Arnold Kling  

Consumers or Businesses?

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Hall and Woodward write,


One problem with the employment stimulus is that the funds go in the first instance to the owners of businesses and not to consumers generally.

This criticism applies to my preferred stimulus, which is to take Bryan Caplan's suggestion and cut the employer contribution to the payroll tax.

I strongly disagree with Hall and Woodward. Owners of businesses, including owners of small business and shareholders in large corporations, have taken huge losses compared with the average worker. Through the third quarter of 2008, wage and salary disbursements were still up. Profits were down. When the fourth quarter data become available in about 4 weeks, my guess is that it will show that relative to the fourth quarter of wages and salaries will be about flat and profits will be down by 20 percent are more.

Profits are the most cyclically sensitive component of income. If you want to redistribute income from profits at the peak of a boom, that's one thing. But if you're still against profits in the midst of a recession, then you're against capitalism.


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COMMENTS (8 to date)
Bill Woolsey writes:

I think Kling's remark here is unfair and unreasonble. To me, it is very strained to see opposition to cutting taxes on profit during a period when profits are low (so that after tax profits will fall less) to involve some kind of prejudice agaisnt profits in general.

In a no tax world, profits would fall during
downturns. Would it be anti-profit to advocate using taxes to provide subsidies to residual claimaints?

Investment has dropped off tremendously during the last year. Why? Is it because firms cannot obtain financing? Or is it because they don't see profit opportunities in the short run?

Likely, it is a mixture of both. Perhaps 9 months ago, a reduction in the employers portion of payroll taxes would have expanded investment of some sorts. Last fall when "credit" was supposedly frozen, and Baa bonds shot up, this
would have been appropropriate.

Currently, the more relevant consideration is that losses will be reduced, cash flow improved, and emergency cut backs reduced. Presumably, firms will cut prices more, and cut production and employment less, when faced with the drop of in demand. This would be good.

The profit to finance investment should help with the upturn. And, in the long run, the extra profits get competed away in higher wages--after we are back to something approaching full employment.

While I have little faith in forcasting, many are
suggesting a slow recovery (like in 2001-2002. This should help speed it up.

Of course, raising other taxes to finance social secuirity will have an adverse impact in the long run and maybe in the short run. And anticipation of cuts in SS benefits in the future might have adverse effects in the short run. I don't worry much about this, because I don't believe in ricardian equivalence.

But lower SS benefits should cause more saving, and as long as everyone is trying to save by holding very low risk short term assets, it exacerbates current problems.

It seems to me that the benefits I can see would work with a temporary cut in employers contributions.

Perhaps a temporary investment tax credit against employer payroll tax?

Les writes:

Most often I learn from, and agree with Arnold. But when he says:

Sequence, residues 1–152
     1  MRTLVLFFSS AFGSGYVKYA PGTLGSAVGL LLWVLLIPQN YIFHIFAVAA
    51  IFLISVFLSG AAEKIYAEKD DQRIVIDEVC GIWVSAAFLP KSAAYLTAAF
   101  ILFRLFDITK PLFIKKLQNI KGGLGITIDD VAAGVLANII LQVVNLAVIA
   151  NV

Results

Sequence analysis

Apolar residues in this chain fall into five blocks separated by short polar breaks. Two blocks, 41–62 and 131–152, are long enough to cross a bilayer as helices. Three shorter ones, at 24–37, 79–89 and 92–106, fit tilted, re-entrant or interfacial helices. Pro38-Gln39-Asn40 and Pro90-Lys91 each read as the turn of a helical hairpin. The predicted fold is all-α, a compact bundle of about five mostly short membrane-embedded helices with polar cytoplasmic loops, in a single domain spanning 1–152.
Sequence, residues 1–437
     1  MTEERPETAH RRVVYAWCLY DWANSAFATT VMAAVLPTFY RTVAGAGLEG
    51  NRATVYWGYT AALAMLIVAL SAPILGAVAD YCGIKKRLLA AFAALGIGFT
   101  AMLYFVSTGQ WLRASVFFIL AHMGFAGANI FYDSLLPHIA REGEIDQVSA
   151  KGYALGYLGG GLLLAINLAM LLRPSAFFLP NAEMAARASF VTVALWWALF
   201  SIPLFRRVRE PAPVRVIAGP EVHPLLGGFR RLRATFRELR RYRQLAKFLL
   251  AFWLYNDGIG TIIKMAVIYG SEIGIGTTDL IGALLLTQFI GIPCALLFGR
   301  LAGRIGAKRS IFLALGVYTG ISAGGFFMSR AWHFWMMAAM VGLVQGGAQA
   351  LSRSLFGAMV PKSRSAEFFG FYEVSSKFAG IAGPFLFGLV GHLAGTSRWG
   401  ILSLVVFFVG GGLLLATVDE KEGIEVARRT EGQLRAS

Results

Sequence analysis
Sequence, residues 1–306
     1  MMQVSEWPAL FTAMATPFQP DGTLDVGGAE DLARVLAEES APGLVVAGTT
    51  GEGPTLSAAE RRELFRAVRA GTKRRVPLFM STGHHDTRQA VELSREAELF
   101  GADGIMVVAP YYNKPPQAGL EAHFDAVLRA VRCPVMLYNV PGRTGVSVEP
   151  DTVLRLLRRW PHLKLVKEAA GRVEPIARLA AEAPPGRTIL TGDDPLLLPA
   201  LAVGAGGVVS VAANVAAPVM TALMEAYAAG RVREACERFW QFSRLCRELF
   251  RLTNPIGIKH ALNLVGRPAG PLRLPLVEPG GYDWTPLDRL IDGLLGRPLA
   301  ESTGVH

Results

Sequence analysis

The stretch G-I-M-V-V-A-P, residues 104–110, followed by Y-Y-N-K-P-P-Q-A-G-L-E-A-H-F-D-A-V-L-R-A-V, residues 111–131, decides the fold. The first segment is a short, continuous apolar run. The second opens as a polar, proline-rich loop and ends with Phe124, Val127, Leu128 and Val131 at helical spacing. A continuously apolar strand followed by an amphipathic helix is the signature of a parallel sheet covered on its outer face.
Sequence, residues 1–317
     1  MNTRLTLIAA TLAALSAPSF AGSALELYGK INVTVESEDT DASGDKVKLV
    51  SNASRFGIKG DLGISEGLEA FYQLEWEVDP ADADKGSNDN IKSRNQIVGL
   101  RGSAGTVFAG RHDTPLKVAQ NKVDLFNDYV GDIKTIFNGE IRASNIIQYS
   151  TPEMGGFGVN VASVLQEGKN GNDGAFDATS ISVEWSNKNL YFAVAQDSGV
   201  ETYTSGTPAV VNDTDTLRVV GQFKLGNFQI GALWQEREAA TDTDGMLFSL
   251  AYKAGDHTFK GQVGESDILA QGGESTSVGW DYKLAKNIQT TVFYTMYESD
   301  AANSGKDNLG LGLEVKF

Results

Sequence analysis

"If you want to redistribute income from profits at the peak of a boom, that's one thing. But if you're still against profits in the midst of a recession, then you're against capitalism"

then I am forced to disagree, and say:

"If you want to redistribute income from profits at the peak of a boom, or in the midst of a recession, then, in either case, you're against capitalism."

scineram writes:

What Les said.

Snark writes:

@ Bill Woolsey:

"But lower SS benefits should cause more saving, and as long as everyone is trying to save by holding very low risk short term assets, it exacerbates current problems."

Perhaps I'm confused. Isn't this an affirmation of the Paradox of Thrift?

R. Richard Schweitzer writes:

Missing from this chatter: What are "profits?"

If we were to take the description (definition?) set out in a Peter Drucker essay of years back, profits will fall in the category of "the cost of capital." Thus, profits are costs, which if not covered, will end the enterprise.

So, some attention should be given to the cost of capital aspects. How is the cost of capital being impacted; and by what actions?

dWj writes:

Stimulating C and G counts, but stimulating I is "a problem". When the personal savings rate tags zero, it's awful that people aren't saving enough, but when people start to save, it's imperative that we thwart responsibility.

What we need -- what we have needed for a long time -- is a bit less C and a bit more I. It's harder to get savings to translate into investment when the financial system is in shambles, but at least this is what the fed seems to be trying to do. The administration -- the last one too, but this one more so -- seems intent on preventing any benign adjustment.

And a strong "yes" to Caplan.

Lord writes:

No, when people save they need someone else to give them the saving vehicle and that is what government spending does. There is nothing wrong with people saving more, but they will need more income to allow them to do so, for if they curtail spending they will cut someone else's income.

Jacob Oost writes:

Then it looks like our new President is against capitalism, if he really did say what he said about financial companies and how now is not the time to be making a profit.

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